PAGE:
Practice literacy skills all over town!
At the end of the school year, it can sometimes be tough to keep your students in their seats. They gaze out the window, as if the mere act of looking hard enough will make summer materialize faster. So why fight the call of the outdoors? Send your students on a scavenger hunt around your town or city! They’ll practice their language arts skills all over town, and see for themselves that you really can “use this in real life.”
With younger students, the whole class can walk around and do a few activities together. For older kids, the scavenger hunt makes a great homework assignment–ask students to pick 1 or 2 activities! School already out? Save it for September–this is a great way to start off the year.
The Scavenger Hunt!
1. Grammar Challenge: Find three signs with incorrect spelling or grammar. Photograph yourself with them. Explain how you would correct those signs. Also explain the impacts and confusions that this incorrect signage could cause in the world.
2. Analyze Advertisement: Find three interesting advertisements on a billboard or bus. Photograph yourself with them. Analyze all of the ways in which it is trying to convince you to do/buy what it is advertising. After you do that, explain whether or not you are convinced.
3. Educational Eavesdropping: Listen to at least 3 conversations on the bus. Transcribe (copy down) the conversations to the best of your ability. Describe what you learned about the people and their personalities/lives, and how you learned it. Do you think you know a lot about them?
4. Quiet Reflection: Sit in a park or at the beach for at least half an hour. Write continuously while you are there about what you see or about your thoughts.
5. People in Your Neighborhood: Interview 3 people who live in your neighborhood or neighborhoods you visit often) who you don’t know already know (for example, people who live in your neighborhood or own businesses in your neighborhood). Write 5 questions beforehand, and get their answers. When done, transcribe (copy down) your interviews.
6. Street Art Analysis: Find two pieces of street art that you like. Photograph yourself with them. Describe in detail what it looks like and what symbols you see. Come up with a theory about why the street art is in this neighborhood. What is it trying to accomplish? Explain why it appeals to you. Explain whether or not you think street art should be legal.
7. Illiterate Day: Pretend that you can’t read. Describe a full day in your life in your town (write down everything that happened at each hour of the day, from the moment you wake up to the moment you go to sleep), and reflect on all the things that might be challenging or impossible if you couldn’t read.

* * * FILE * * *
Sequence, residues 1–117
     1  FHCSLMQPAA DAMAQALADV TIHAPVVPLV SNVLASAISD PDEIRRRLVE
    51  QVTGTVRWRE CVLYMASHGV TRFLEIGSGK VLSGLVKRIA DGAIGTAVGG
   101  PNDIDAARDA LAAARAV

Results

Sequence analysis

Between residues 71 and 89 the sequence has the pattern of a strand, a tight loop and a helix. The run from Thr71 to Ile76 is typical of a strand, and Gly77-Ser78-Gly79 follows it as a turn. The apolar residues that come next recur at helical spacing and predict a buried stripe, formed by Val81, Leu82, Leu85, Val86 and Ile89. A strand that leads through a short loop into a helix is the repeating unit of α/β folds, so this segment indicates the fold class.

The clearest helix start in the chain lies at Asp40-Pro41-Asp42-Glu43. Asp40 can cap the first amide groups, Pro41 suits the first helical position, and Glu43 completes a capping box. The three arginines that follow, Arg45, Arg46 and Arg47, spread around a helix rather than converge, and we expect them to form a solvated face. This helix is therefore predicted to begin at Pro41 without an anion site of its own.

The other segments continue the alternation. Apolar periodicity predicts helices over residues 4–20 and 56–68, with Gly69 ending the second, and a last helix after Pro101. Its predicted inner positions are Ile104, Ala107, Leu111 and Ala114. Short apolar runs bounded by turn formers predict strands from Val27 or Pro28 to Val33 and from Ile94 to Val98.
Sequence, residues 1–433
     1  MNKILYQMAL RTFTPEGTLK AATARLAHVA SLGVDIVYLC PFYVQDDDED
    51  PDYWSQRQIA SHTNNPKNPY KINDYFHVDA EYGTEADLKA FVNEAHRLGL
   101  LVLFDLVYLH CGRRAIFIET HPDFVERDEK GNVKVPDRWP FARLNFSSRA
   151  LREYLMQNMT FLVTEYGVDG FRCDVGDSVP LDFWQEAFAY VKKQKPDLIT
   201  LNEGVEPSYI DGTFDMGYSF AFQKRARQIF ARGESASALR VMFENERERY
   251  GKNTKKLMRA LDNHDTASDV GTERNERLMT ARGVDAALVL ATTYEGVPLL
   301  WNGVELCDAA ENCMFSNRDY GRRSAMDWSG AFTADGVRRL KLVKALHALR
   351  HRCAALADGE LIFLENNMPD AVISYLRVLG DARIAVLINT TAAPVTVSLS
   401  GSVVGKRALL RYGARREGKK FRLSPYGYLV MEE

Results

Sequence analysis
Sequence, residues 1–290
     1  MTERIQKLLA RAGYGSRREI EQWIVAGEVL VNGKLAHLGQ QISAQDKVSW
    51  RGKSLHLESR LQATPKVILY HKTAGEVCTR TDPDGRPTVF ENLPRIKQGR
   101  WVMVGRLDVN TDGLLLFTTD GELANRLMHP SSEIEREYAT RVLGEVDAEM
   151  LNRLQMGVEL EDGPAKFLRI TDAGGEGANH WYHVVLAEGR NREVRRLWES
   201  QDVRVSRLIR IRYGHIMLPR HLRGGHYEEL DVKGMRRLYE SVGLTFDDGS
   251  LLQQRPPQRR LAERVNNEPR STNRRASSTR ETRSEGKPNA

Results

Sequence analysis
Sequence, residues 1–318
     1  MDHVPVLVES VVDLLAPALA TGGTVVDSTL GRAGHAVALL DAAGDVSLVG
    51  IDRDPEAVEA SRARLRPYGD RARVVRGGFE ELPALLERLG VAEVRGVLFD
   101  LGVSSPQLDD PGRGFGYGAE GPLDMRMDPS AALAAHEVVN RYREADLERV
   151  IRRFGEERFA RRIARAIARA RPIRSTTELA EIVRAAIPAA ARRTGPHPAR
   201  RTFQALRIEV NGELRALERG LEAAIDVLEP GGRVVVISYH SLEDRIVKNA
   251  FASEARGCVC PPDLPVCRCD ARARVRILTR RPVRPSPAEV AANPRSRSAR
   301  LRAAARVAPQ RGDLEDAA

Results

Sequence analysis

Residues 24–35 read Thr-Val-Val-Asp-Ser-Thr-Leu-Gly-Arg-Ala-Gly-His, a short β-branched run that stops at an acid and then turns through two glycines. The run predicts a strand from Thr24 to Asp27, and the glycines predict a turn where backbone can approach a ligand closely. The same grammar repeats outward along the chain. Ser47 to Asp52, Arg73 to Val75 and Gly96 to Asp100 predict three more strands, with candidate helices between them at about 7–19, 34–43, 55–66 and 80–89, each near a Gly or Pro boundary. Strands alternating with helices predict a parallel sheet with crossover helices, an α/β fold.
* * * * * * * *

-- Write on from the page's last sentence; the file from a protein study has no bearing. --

8. Tour Guide: Write a guide to your neighborhood for tourists. Describe places of interest, places to eat, places to stay, things to do, what spots to avoid, transportation, etc.
9. Business Interview: Interview someone who owns a store in your town. Ask them how their knowledge or lack of knowledge of English affects their ability to run a successful business. Spend some time observing the way the business runs, and connect your interview to what actually happens.
10. English Assistance: If you know someone in the city who speaks English poorly (or not at all), help him/her with a task that requires English skills. Interview him/her about how they feel about their English ability has affected his/her life here. Explain what this task was, why English was important to do it, and how your assistance helped this person.
11. Town History: Go to a historical part of town. Learn about its history. Describe why you like it. You must either interview people, do research online, or do research in the library. Write a short report about the history of this place.
12. Library Literacy: Go to a poetry reading, or another youth event held by the public library. Describe what the event was about, and what you learned. Explain why you went.
13. Cultural Plunge: Attend an event or visit a place that is dominated by a culture outside your own identity. Think outside your own religion and/or culture. Think about ethnic celebrations, religious ceremonies etc… Write and present a short report on the experience.
14. Stereotypes in Ads: Begin to look at how we address other cultures in the media. Look at store advertisements and billboards, and take photographs of 2 ads/billboards that represent a culture in a stereotypical or unfair way. Explain your personal reaction to the ad/billboard, what is stereotypical/unfair about it, and how you would change it.
15. Interview Immigrants: Interview at least two immigrants (people who came to this country from another country) who currently live in your area. Write both of their stories.
16. Art Analysis: Visit a museum or art gallery in your area. Choose three pieces of art that speak to you. Explain why you chose those pieces, and what you think they mean.
(Photo by florriebassingbourn)